Storing Carbon is Cool

By Todd Burley, Lisa Ciecko, and Craig Chatburn

The City of Seattle has signed on to the Paris Climate Accord and is committed to reducing our greenhouse gas emissions as part of a global community. Much of our effort is dedicated to reducing our carbon emissions through transportation and building improvements, yet it is also important to absorb and retain atmospheric carbon. This is called carbon sequestration, and as the manager of almost 12% of Seattle’s land, it is right up Seattle Parks and Recreation’s alley.

Carbon can be absorbed from the atmosphere in a number of ways, including new technologies that “strip” it from the air. However, natural methods of carbon storage are very effective and pertinent to parks. In fact, trees, wetlands, soils and oceans have been doing a great job of balancing the carbon cycle for millions of years. The science if simple – plants take in carbon, store it in their bodies, and pass it on to the soil to be stored.

Seattle Parks and Recreation supports carbon sequestration through planting trees and restoring forests, improving soil health, and restoring and protecting wetlands and near-shore habitat.

Did you know that a 45-foot tall tree can store a ton of carbon in 40 years? The longer the tree lives, the longer the carbon is stored. Over the past decade, SPR’s Green Seattle Partnership has worked diligently to restore our urban forests with native evergreen trees and shrubs that will renew the complex ecosystem still found in places like Seward Park. In the last 15 years, GSP has planted over 300,000 trees in Seattle’s natural areas! SPR also works to maintain the trees we have, and replaces each tree removed with at least two others. Urban trees are a critical part of reducing the impacts of climate change, particularly in the cities they grow in.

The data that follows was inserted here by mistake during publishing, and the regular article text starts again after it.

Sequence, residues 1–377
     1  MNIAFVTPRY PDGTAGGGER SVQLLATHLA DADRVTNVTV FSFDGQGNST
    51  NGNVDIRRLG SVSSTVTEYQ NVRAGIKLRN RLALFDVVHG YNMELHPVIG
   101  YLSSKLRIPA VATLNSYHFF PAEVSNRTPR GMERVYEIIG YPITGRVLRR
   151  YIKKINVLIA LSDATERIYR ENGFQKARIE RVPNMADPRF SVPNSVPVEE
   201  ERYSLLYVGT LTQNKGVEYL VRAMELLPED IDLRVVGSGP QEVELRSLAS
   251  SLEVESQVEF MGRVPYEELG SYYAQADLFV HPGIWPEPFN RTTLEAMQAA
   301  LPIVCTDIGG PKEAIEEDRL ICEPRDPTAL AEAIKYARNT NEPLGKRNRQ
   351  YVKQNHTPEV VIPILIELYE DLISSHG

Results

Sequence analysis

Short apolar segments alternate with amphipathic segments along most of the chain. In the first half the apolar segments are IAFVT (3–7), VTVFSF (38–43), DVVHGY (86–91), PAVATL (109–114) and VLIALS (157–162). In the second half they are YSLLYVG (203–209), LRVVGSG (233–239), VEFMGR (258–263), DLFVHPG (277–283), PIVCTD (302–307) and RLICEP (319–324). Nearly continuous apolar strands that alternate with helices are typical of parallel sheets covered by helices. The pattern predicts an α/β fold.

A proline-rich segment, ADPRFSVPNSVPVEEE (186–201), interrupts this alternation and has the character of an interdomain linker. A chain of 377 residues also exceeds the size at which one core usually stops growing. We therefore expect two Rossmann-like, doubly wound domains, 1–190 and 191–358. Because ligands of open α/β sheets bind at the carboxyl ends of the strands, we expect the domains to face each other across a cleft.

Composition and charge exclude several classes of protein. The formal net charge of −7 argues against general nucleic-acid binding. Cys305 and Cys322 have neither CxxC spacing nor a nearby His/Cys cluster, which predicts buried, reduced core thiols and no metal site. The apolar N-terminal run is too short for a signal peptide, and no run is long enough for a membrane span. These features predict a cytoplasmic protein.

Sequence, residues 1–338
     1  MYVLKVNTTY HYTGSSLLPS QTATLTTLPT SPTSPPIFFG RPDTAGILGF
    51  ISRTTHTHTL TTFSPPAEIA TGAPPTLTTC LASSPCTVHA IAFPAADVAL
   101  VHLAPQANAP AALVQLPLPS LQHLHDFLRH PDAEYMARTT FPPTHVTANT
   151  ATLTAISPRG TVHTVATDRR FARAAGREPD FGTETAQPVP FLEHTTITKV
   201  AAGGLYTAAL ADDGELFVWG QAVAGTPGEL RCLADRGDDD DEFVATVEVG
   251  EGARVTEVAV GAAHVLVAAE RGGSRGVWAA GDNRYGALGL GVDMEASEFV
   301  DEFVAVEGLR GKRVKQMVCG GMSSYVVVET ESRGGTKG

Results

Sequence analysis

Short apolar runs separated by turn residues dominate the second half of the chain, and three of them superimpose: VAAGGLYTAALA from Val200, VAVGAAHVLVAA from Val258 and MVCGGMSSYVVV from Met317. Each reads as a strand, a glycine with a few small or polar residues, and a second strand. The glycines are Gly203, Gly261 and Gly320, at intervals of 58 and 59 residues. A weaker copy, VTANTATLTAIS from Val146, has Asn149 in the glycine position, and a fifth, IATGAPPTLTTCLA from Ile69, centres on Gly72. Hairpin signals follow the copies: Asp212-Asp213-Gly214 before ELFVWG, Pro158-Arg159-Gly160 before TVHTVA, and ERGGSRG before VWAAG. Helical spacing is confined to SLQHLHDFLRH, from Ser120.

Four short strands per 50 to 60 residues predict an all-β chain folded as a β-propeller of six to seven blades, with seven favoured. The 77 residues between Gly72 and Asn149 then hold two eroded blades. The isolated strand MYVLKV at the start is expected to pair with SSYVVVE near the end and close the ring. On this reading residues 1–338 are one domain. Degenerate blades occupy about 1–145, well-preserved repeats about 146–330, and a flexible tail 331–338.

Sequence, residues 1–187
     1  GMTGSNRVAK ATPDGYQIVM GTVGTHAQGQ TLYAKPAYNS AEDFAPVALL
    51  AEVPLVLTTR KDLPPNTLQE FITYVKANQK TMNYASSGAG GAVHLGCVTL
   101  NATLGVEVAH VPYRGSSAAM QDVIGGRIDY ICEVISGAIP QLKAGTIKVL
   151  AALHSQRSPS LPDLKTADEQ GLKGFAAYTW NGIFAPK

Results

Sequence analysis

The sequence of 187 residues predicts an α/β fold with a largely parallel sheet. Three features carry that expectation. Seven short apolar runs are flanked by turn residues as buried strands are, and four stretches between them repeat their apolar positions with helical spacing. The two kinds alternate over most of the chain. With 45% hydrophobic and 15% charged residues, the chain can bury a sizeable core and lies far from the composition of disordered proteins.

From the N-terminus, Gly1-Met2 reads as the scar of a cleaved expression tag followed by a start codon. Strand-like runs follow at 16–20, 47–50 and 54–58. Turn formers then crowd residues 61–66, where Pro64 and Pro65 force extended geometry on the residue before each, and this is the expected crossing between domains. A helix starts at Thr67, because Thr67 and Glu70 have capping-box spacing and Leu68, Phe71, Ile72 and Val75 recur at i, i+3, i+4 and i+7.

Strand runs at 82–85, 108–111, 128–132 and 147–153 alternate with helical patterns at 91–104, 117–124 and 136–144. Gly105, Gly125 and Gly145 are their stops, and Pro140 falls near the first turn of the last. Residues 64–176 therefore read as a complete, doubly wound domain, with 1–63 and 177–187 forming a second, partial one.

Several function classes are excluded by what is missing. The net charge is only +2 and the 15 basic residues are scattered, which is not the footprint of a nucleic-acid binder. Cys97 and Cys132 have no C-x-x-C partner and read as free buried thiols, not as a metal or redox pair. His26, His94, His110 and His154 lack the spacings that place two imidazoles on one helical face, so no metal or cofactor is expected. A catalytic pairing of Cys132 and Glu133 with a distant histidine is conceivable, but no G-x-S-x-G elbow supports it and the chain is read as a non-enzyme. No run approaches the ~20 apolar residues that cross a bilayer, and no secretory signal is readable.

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But healthy trees aren’t the only part of the story. Healthy and stable soil is also a significant contributor to carbon sequestration (watch this soil carbon sequestration video or go deep with this academic paper on soil carbon). Carbon in the soil is absorbed by fungi and other living things and held in place underground. In fact, even gardeners can contribute to carbon sequestration by building healthy soils. In our parks, we work hard to compost weeds in place, leave grass clippings in place, retain fall leaves as free mulch and minimize tilling. We let logs decompose on site wherever possible and add wood chip mulch to support a natural soil biome and keep the carbon stored underground.

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Finally, “blue carbon” is another important part of carbon sequestration in Seattle. Like soils on land, soils in wetlands and nearshore ecosystems do a great job of absorbing and storing carbon from the atmosphere. In fact, because much of this substrate become anaerobic over time, carbon can be stored in these systems for millennia, undisturbed. Wetlands, estuaries, and near shore coastal ecosystems are extremely rich and productive, and as such can sequester significant amounts of carbon.  

Cities like Seattle are working hard to reduce our contribution to climate change through emissions reductions but sequestering the carbon already in the air is important as well. Seattle Parks and Recreation, as the manager of most of Seattle’s green spaces, can have a significant impact in this area. Whether it is in plants, in the soil, or under water, we think storing carbon is pretty cool.